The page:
When Dame Vera Lynn died earlier this month she was again vividly remem-bered as the ”Forces’ sweetheart,” a brave woman who sang to troops on farflung battlefields. But few know that Dame Vera was also a staunch supporter of the mostly forgotten soldiers who fought and died along-side the British but received little recognition and no compensation after World War II ended.
For the past ten years, Dame Vera served as the patron of H4FA — Help for Forgotten Allies — a small, private charity which aids veterans among the Ka-ren and other minorities who fought courageously with the Allies against the Japanese in Myanmar, then known as Burma.
“They fought on our side and they should certainly be entitled to compensa-tion. Many lost their lives,” she said in a 2010 interview, remembering her 1944 tour of Burma to entertain the troops.”They are poor people. They should be supported as they supported us.”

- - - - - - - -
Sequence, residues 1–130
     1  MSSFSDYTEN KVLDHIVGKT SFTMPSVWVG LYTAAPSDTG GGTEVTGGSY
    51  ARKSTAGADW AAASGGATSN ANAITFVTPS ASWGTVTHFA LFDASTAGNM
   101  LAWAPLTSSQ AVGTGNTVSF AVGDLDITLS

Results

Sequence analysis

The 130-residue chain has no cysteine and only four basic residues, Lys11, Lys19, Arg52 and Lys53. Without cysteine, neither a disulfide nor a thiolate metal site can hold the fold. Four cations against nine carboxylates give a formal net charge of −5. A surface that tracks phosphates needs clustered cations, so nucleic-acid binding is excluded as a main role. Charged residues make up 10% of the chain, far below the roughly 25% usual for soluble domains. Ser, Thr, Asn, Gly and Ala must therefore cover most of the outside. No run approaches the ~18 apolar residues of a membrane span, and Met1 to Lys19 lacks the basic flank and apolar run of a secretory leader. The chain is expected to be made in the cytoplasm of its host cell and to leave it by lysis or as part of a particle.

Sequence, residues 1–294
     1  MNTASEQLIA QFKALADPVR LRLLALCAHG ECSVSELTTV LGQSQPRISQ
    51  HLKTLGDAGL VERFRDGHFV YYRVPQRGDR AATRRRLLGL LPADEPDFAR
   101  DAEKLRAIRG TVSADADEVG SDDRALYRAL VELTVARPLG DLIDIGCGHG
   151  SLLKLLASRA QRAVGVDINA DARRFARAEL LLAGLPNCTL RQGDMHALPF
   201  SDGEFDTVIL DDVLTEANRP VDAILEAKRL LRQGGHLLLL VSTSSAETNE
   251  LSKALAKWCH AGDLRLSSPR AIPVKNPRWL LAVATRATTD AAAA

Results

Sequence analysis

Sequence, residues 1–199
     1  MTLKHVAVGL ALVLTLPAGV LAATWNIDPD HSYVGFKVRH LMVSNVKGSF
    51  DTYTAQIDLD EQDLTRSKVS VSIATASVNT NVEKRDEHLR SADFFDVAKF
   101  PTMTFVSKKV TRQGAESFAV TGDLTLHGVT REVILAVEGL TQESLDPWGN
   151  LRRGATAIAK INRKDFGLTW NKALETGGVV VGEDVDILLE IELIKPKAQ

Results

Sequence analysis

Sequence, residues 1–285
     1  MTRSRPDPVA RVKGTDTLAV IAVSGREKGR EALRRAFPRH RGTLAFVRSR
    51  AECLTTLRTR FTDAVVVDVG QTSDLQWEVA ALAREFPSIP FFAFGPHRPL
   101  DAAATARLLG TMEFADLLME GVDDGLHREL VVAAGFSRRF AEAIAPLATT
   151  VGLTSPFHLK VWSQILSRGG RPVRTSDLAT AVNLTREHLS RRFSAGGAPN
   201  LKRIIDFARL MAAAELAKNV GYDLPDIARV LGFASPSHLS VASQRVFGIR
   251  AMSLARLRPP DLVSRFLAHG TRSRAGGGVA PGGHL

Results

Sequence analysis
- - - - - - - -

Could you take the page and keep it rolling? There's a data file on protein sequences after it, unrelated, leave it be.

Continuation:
They never were. Eager to exit the colony, London ignored the calls of some British officers that their brothers-in-arms — the Karen, Kachin, Chin and other minorities — be rewarded for their services and shielded from an in-creasingly oppressive central government. The Karen and others rose up in what has become the world’s longest running insurgency (just a few weeks ago the ruthless Myanmar army burned down COVID-19 testing stations in the Karen homeland). The veterans, still loyal to Britain, suffered poverty, per-secution or flight to refugee camps in nearby Thailand.
Their requests for official assistance turned down, a small group of citizens with family roots or other ties to Myanmar formed H4FA, travelling for the past two decades to Myanmar and the refugee camps to distribute funds and other aid to the aged, surviving veterans or their widows. The funds come from the Royal Commonwealth Ex-Services League, the Special Forces Benevolent
Fund, churches and individual donors. They are always received with grati-tude, sometimes accompanied by a smart military salute or an accurate ren-dering of ”God Save the King.”
Then in her 90s, Dame Vera was enlisted to serve as patron of the group and she readily accepted. Upon her death at 103, H4FA President General Sir Alexander Harley wrote to Dame Vera’s daughter, Mrs. Virginia Lewis-Jones.
”The respect and affection with which she was held, not only here in the UK, but across the world, was such an important feature of our char-ity,” he wrote. ”It gave us enormous credibility.’